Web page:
Explore Washington D.C.

Damage Control: Provocative Art at the Hirshhorn

At D.C.'s contemporary art museum, destruction as a means of creation

The exhibition Damage Control opened with a “piano destruction concert” on the plaza of the Hirshhorn Museum. Raphael Montañez Ortiz took an axe to a black lacquer piano, pausing only to scrape and pluck sounds from its metal strings and keyboard. 

Fortunately, except for that piano, the art here documents (rather than executes) moments of destruction. Works by 40-plus artists range from photographs (for example, Chinese dissident Ai Weiwei’s dropping of a 2,000-year-old Han urn) to videos (feminist Pipilotti Rist’s Ever is Over All, 1997, her slow-mo stroll along a sidewalk, smiling as she smashes car windows with a flower-shaped club). Also here: Ed Ruscha’s painting The Los Angeles County Museum on Fire plus Yoshitomo Nara’s paint and pencil on paper No Fun! (in the floating world) and Jeff Wall’s lightbox tableau The Destroyed Room.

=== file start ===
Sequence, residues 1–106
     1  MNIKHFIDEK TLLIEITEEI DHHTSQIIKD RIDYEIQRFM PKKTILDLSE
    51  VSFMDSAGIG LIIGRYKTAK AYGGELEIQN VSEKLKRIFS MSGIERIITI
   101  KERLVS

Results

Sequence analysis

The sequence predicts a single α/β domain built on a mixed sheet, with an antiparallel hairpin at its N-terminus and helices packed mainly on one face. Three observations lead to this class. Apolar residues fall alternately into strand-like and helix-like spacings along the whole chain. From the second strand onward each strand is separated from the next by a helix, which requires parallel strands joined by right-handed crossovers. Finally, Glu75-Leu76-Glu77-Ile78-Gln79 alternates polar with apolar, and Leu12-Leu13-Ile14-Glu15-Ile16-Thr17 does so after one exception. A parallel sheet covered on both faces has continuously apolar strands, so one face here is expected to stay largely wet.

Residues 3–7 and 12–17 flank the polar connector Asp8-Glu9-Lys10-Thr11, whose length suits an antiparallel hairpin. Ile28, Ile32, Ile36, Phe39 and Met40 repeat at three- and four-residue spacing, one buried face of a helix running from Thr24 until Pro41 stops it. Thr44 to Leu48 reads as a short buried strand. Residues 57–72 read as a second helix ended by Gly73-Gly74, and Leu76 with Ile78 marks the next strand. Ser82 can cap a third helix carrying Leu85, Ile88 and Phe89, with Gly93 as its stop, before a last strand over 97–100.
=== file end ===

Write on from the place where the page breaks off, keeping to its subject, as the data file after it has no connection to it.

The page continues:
Often the art—physical and performance-based—exists only as a film record, for example, Yoko Ono’s Cut Piece in which audience members, invited to the stage, take turns with scissors snipping away at her clothing. Yet sometimes an actual object appears, case in point, one history-making “drawing” by Robert Rauschenberg—his audacious obliteration of a pencil/charcoal/oil/crayon work lent him by a more famous artist, the Erased de Kooning

Can destruction, in fact, generate creation? Does spectacle carry a social message? Decide what it all means through May 26 at this city’s only museum dedicated to contemporary art.

Yoshitomo Nara, "No Nukes (in the floating world)," 1999
Yoshitomo Nara, "No Nukes (in the floating world)," 1999 (Photo by Joshua White, Courtesy Eileen Harris Norton)